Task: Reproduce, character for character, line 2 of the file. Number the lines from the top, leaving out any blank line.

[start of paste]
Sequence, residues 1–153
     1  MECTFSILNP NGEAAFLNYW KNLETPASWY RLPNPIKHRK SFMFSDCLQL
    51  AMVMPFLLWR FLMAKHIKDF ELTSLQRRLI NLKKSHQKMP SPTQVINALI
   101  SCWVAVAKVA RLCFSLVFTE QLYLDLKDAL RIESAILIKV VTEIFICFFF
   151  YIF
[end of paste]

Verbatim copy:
     1  MECTFSILNP NGEAAFLNYW KNLETPASWY RLPNPIKHRK SFMFSDCLQL